Where does Turkey stand in the EU’s new trade and investment strategy?

Where does Turkey stand in the EU’s new trade and investment strategy?

Selen Akses
In October 2015, the European Commission revealed its new priorities for the upcoming year in terms of its trade and investment policy. The commission aims to conduct a more responsible trade policy based on efficiency, transparency and the diffusion of European values. Although trade liberalization within the multilateral trading system is its main priority, in parallel, the EU is also pursuing its bilateral and regional trade agreement negotiations which will subsequently serve the basis of the progress in multilateral talks. 

In this strategy, the commission describes Turkey as the EU’s close partner and a key regional player but also highlights that the trade and investment relations remains at a “sub-optimal” level despite the high economic and trade potential. With the revision of the Customs Union, the EU expects to explore these economic opportunities in areas such as service, agriculture and public procurement. It did not come as a surprise that the modernization of the Customs Union was mentioned as one of the priorities in the EU’s new trade strategy since the Turkish and European authorities had already announced in May their decision to revise the framework and scope of the Customs Union. However, there is still a certain blur concerning the agenda of the negotiations. Items like services, agriculture and government procurement and dispute settlement mechanism are certainly high on the agenda, but it is very doubtful that the negotiations will be limited to these areas only. 

Investment protection has become an important priority in the EU’s trade and investment policies as the bloc will gain the exclusive competence on foreign direct investments. In this respect, considering that more than 70 percent of foreign direct investments in Turkey come from the EU, the commission would undoubtedly seek to remove the barriers encountered by EU investors in the Turkish market. In addition to investment protection, the improvement and enforcement of intellectual property rights will likely be brought up during the negotiations of the modernization of the Customs Union.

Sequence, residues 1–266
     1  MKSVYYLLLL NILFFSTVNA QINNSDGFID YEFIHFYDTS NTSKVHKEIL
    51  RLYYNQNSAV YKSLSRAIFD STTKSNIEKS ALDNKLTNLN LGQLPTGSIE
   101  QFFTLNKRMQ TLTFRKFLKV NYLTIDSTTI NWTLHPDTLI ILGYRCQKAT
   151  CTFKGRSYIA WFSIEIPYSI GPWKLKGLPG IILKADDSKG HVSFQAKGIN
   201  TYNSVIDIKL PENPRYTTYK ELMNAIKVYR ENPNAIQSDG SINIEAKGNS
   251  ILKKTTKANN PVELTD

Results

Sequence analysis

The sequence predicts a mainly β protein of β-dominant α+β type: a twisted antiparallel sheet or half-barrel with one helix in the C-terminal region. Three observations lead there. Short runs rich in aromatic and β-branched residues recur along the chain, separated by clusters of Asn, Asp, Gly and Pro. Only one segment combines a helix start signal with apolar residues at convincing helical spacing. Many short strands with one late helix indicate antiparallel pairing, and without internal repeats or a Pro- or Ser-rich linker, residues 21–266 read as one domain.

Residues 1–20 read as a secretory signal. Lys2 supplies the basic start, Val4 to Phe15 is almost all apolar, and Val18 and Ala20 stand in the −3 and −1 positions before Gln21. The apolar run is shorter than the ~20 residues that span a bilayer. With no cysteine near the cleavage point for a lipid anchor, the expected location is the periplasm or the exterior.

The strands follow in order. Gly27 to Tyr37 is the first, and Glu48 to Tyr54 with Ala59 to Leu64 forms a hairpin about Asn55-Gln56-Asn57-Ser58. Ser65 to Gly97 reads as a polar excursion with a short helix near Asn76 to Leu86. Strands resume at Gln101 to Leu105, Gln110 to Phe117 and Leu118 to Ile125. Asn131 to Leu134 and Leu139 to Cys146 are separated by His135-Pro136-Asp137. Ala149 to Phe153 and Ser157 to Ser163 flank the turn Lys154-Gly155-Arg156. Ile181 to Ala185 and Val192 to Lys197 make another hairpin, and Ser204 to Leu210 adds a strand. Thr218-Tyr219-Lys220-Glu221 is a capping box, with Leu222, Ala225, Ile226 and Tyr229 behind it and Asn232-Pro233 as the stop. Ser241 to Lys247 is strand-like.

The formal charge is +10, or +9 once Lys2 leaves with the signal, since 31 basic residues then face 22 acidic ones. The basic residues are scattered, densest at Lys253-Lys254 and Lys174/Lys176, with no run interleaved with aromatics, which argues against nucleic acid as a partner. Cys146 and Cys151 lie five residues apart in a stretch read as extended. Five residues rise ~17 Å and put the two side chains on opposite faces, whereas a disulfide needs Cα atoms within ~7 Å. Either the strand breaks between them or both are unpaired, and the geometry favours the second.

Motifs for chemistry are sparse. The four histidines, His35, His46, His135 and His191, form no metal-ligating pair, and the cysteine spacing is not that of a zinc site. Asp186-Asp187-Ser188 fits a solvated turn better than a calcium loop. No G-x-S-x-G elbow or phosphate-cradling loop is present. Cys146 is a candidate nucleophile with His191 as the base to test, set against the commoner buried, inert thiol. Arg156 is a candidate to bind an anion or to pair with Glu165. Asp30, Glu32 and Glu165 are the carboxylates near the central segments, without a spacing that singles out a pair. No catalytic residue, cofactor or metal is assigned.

Another subject of negotiation could be trade defense instruments, since Turkey and the EU have made an extensive use of these measures since they constitute an important barrier in the free movement of goods.

In its strategy, the commission has revealed its intention to increase transparency on trade defense, mostly by enabling interested parties to better access information on trade defense cases. The modernization of the Customs Union might require Turkey to enhance transparency not only in trade defense cases, but also in areas such as dispute settlement mechanisms and procurement procedures.  

The modernization of the Customs Union should also be an opportunity for Turkey to bring to the table the issue of free movement of service providers which has long been an endless and controversial issue between the parties. In other words, the revision of the Customs Union could serve as an opportunity to clarify this issue of the standstill clause of the Additional Protocol. Since the EU expects to tackle the issue of the mobility of service providers when revising the scope of its free trade agreement in force with Mexico, Turkey should also exert pressure to include this on the list of subjects to be discussed during the negotiations.  

Last, in its new strategy, the EU also emphasized that the modernization of the Customs Union could enable Turkey afterwards to associate with future free trade agreements concluded by the EU with third countries.

This strategy reveals that the EU foresees the inclusion in its free trade agreements appropriate mechanisms that would allow other countries to join the agreement with the condition that these countries are able to meet the conditions negotiated with the initial parties. The need to establish this mechanism arose with the request of countries, including Turkey, to take part in the Transatlantic Trade and Investment Partnership (TTIP). 

This mechanism enabling a third party to take part in the agreement at a later stage is of great importance for Turkey. With the establishment of the Customs Union, Turkey committed to align its trade policy with the EU’s preferential trade agreements. However, some countries who have signed a trade agreement with the EU have shown a reluctance at signing a separate agreement with Turkey since they already benefit from entering the Turkish market duty-free. This mechanism would help Turkey overcome this asymmetric situation. Although the modernization of the Customs Union and the inclusion of Turkey in the TTIP process should be considered as two distinct processes, the revision of the Custom Union will no doubt facilitate Turkey’s integration into the TTIP process, whether through this mechanism foreseen by the EU or by negotiating a separate free trade agreement with the United States. 

*Selen Akses is senior researcher at the Economic Development Foundation (İKV).